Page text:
MYAKKA – There are many benefits to service and therapy dogs for those who really need them, but it becomes a problem when people start abusing the system.

It’s really easy to buy a service vest and throw it on your dog, it’s also illegal. Heather Junqueira is the President of BioScent K9. She says misusing any of the four types of support dogs hurts those who need one.

“A service dog is a dog that performs an act for a person with a disability that they could not otherwise perform themselves,” says Junqueira. Like a guide dog or a diabetic alert dog.

“Then you have therapy dogs, which are dogs who are trained to comfort people and make them feel better,” says Junqueira. Psychiatric service dogs are trained for people with a mental illness. “This is very different from the emotional support dogs that a lot of us are seeing out there right now,” she says.

Despite having no training or public access, fake emotional dogs are the ones restaurants are seeing and questioning. One of the biggest problems is when people who actually need a service dog are scrutinized because of people abusing the system.

Business owners are only allowed to ask two questions. “They’re allowed to ask if this is a service dog, they can ask that,” says Junqueira. “They can [also] ask what service does this dog provide?”

Junqueira encourages business owners to look for the signs of an untrained dog. “If the dog is barking and approaching people that it shouldn’t be approaching, then the business owners could have legal means to say ‘hey wait a minute,’” she says. “But it’s a very grey area and it makes it very difficult for business owners.”

Junqueira hopes people will follow the law, so those who need a support dog can have and use one without being scrutinized.

Impersonating a service dog can land you a $500 fine and up to 60 days in jail. For more information about the different types of support dogs visit this website.

SHARE
Previous articleForce Sewage line damaged in Venice
Next articleA Fathers Plea for Help
Nicole Sommavilla
Multimedia journalist Nicole Sommavilla is a recent graduate from Ithaca College. Nicole was born and raised in Westchester, New York before she made the move to Florida. Being new to area, she loves meeting people and exploring the Suncoast. In her free time Nicole enjoys working out, being with her friends and family, and exploring the natural lands that surround her. Nicole has always loved writing and storytelling, which is how she discovered her passion for news. If you have a story idea or a news tip, feel free to email her at nicole.sommavilla@snntv.com. You can also follow her on Twitter (@nesommavilla) and Facebook (https://www.facebook.com/NicoleSommavillaNews) for updates!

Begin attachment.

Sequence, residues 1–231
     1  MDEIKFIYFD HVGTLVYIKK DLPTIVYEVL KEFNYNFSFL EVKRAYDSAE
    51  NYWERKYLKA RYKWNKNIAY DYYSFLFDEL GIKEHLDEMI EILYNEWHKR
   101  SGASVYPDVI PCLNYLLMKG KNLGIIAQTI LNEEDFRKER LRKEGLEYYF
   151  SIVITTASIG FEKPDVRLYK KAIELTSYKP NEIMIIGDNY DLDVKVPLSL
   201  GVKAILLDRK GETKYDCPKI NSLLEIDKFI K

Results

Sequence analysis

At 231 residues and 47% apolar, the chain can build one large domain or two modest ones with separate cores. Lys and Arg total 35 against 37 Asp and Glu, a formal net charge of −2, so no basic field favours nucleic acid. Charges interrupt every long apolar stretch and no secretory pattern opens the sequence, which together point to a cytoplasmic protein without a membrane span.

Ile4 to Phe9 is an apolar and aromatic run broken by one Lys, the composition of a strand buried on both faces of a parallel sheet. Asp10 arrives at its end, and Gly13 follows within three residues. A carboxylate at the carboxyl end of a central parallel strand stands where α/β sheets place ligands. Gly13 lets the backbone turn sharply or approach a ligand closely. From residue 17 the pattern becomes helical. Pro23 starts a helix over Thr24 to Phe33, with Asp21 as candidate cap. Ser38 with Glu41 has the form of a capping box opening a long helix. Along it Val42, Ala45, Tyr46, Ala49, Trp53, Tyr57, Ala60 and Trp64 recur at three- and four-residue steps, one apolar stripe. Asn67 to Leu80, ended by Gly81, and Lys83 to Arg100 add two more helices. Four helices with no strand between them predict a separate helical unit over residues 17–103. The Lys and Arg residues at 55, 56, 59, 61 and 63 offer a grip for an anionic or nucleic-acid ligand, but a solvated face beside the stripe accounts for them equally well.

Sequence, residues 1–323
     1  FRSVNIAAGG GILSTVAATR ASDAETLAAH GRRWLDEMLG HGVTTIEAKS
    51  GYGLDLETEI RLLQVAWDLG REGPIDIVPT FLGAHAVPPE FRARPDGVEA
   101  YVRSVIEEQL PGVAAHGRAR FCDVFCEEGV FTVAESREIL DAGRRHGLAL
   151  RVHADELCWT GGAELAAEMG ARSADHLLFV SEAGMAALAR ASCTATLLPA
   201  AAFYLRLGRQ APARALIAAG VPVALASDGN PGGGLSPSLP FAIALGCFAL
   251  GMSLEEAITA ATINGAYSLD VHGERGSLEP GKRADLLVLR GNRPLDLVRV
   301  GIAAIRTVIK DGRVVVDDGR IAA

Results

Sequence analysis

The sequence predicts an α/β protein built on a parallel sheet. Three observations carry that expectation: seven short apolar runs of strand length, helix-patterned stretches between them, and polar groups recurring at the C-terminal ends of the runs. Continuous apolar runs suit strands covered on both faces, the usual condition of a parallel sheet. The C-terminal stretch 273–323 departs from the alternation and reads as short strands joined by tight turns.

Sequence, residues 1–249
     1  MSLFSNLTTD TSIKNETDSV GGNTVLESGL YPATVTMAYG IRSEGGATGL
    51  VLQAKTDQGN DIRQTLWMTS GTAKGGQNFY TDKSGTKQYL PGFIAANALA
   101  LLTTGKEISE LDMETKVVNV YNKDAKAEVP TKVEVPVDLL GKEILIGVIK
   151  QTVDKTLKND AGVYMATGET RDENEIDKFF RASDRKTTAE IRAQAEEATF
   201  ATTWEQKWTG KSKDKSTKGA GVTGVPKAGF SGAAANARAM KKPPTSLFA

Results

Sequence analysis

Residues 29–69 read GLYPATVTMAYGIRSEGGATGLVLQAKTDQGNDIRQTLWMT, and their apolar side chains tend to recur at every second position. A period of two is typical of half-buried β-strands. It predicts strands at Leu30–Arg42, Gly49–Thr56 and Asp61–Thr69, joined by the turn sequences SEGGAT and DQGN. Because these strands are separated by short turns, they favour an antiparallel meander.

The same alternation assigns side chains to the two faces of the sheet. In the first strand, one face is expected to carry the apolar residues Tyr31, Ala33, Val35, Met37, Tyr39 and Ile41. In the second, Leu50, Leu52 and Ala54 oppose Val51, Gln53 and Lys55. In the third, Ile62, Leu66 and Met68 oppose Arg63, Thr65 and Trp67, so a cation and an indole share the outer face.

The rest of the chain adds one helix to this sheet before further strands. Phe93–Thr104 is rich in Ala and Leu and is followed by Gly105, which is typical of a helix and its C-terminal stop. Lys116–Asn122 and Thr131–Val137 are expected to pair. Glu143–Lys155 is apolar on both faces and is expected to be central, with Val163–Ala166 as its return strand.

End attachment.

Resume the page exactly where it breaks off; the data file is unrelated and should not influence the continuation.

• Shelby Clark

    This article is confusing and misleading in several ways, though the topic is also widely misunderstood. The description of service dogs is basically accurate. Putting a service dog vest on a dog is not per se illegal under federal law, but some states criminalize falsely claiming a dog is a service dog (which would take more than just an inaccurate vest).

    Emotional support animals (not just dogs) are not trained to perform a specific task related to their owner’s disability, but do help people with emotional or psychological/psychiatric disabilities. Federal law allows them to be used in commercial air travel and in housing covered by the Fair Housing Act.

    Therapy animals are those generally used by people (such as therapists) for the benefit of others. This includes helping children in therapy or family law situations, read-to-a-dog programs, airport greeters, and much more. Therapy animals have no federal protection and none in most states.

  • Lisa Eller

    There is an epidemic of people taking fake-parented-children in public and trying to pass them off as real-parented-children. Anyone can get a kid & put a t-shirt on it that says “little angel,” just to get to bring their child into a store or restaurant. You can buy those shirts on the Internet. Then the bratty kid disrupts everyone else’s meal, or maybe someone doesn’t like kids or is allergic to their snot, and has to sit next to them. It’s really a problem. Maybe people with truly well behaved children should have to show some kind of ID to take their kids in public so other people know they are legitimate.

    This is what it sounds like to have a legitimate service dog & hear people trying to propose any regulation about service dogs. There is no grey area in the law & no need for new laws. If an animal is not BEHAVING as required of a service dog, a business can legally make them leave. If the animal IS behaving properly, why is it any of your business if it is a “real” service dog or not? Where is the harm? I have a “real” service dog & an invisible disability. The biggest problem is people trying to pry into my personal medical information because they have appointed themselves as service dog police. All this media attention is only making more people suspicious & hostile toward people with real disabilities. It’s not your business why we have service dogs.